Bennett presents health care bill with officials

Published 9:14 am Saturday, March 10, 2018

Legislation presented Wednesday in the Minnesota Legislature by District 27A Rep. Peggy Bennett would create tax incentives for medical facilities looking to locate to medically underserved areas in rural Minnesota.

Albert Lea City Manager Chad Adams and Blooming Prairie Mayor Harold Peterson testified in favor of the bill Wednesday at the Capitol.

Under the bill, local municipalities would need to pass resolutions first for the program to take effect. The bill would abate property taxes for 15 years for qualifying medical centers in counties with areas deemed medically underserved in rural Minnesota, as well as the sales tax for construction materials.

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The statewide property tax could also be abated for 15 years for such projects, which could include medical or urgent care clinics, birthing centers, hospitals, or outpatient surgical centers in counties outside the Metro area.

“Thank you to Chad and Mayor Peterson for joining me to testify in favor of this important legislation,” Bennett said in a press release. “In our area — and throughout much of Greater Minnesota — we’re seeing a reduction in health care services and options, and my legislation is one tool for local governments to make it easier for medical facilities to locate to rural parts of the state.

“This is especially important in cities like Albert Lea and Blooming Prairie where we have lost critical health services.”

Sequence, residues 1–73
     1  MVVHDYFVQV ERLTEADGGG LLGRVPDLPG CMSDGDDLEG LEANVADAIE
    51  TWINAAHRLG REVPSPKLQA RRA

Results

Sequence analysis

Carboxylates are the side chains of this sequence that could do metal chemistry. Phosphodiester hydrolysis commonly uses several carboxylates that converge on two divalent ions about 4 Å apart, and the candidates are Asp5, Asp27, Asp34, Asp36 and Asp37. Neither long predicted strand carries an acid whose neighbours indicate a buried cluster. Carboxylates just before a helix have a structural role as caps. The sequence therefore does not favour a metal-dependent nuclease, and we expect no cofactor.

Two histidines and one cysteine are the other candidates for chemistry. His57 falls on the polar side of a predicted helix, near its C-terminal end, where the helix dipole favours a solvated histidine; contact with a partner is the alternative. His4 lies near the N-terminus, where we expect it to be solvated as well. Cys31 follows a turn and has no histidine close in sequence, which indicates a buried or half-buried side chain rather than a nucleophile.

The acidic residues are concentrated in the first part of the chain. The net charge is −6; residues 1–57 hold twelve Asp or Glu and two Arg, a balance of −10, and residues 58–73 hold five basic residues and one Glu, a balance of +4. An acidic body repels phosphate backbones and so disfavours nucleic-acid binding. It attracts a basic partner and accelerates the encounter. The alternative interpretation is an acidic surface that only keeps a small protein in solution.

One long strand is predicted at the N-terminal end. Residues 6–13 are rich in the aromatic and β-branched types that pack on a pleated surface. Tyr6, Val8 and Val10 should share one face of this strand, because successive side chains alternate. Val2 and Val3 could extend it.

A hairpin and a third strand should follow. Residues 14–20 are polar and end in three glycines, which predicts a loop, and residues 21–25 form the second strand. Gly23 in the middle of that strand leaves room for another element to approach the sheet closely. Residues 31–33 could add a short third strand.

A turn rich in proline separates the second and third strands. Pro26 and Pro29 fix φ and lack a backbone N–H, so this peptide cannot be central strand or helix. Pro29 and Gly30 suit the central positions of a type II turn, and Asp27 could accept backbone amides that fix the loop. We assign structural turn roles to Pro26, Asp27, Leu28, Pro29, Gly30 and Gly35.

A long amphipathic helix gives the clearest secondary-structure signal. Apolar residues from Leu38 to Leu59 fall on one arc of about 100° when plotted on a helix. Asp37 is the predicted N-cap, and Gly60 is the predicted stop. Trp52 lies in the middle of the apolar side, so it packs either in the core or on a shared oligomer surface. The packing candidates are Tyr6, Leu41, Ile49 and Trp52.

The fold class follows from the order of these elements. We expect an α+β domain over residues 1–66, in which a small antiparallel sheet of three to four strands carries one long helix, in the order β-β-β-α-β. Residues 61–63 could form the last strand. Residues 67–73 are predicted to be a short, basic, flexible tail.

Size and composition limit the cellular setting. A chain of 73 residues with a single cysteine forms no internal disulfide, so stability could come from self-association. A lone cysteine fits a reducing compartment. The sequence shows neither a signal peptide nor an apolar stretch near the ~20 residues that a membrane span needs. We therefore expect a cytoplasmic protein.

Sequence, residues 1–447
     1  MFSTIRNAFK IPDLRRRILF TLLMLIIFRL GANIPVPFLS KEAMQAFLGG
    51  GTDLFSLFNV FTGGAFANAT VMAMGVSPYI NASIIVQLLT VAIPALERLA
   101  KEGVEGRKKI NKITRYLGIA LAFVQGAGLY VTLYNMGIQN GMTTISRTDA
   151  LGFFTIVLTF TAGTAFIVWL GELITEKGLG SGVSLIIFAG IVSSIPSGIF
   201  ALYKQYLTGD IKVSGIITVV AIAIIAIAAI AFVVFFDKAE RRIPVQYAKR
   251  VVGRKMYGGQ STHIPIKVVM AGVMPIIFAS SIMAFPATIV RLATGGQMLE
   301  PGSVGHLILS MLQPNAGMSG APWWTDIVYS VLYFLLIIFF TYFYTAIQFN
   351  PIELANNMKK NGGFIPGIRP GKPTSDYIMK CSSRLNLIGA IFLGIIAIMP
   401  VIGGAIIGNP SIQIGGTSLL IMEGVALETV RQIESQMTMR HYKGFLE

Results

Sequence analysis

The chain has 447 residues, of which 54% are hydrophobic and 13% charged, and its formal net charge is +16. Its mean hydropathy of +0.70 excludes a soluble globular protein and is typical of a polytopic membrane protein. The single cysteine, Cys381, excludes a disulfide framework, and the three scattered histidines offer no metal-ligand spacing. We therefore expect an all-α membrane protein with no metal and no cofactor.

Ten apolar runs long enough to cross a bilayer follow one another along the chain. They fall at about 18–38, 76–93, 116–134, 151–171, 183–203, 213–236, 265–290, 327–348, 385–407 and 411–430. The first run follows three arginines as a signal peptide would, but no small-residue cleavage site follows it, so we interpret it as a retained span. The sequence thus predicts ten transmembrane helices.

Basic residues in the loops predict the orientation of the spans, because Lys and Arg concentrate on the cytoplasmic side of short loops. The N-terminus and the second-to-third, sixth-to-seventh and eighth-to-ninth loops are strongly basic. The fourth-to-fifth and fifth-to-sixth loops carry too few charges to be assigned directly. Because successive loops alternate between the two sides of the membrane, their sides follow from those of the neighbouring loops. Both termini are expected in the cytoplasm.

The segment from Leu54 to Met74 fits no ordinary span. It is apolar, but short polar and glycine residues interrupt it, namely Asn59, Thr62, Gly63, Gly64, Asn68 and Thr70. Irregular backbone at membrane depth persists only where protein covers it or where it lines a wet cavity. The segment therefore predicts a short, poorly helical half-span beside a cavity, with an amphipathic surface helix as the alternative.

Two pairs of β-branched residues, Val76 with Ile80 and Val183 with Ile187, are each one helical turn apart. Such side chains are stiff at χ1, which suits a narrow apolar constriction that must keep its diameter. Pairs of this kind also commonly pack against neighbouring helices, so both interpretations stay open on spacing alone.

Bennett said helping health care providers locate to rural Minnesota would improve access to residents and increase competition, resulting in the lowering of health insurance costs.

District 27 Sen. Dan Sparks, DFL-Austin, said the proposal is “a good idea,” and it is a tool for local representatives to entice health care providers to locate to rural Minnesota.

He said the legislation is especially needed after Mayo Clinic Health System’s decision to transfer most inpatient services from Albert Lea to Austin and the hospital system’s announcement it would close LeRoy and Adams clinics.

“If we can do anything to try to help, why wouldn’t we?” Sparks said, adding he plans to discuss the issue with local officials over Easter break.

On Thursday, Adams said he testified about Mayo’s planned transition and the benefits of Bennett’s legislation.

“(I) kind of provided a background of what happened in June and how we have some services transitioning out of Albert Lea to Austin and how this legislation will help attract and hopefully retain medical services in the community in the future,” he said.

Adams said the bill could allow the community to bring in a birthing center, providing “a tool in the toolbox,” for local government entities.

Tax incentives could affect for-profit hospitals more than nonprofit organizations because more for-profit companies pay property taxes than nonprofits.

Adams said the city will continue to evaluate legislation pertaining to the issue.

Bennett said the bill is moving through the committee process, and she hopes it is included in a tax omnibus bill.

About Sam Wilmes

Sam Wilmes covers crime, courts and government for the Albert Lea Tribune.

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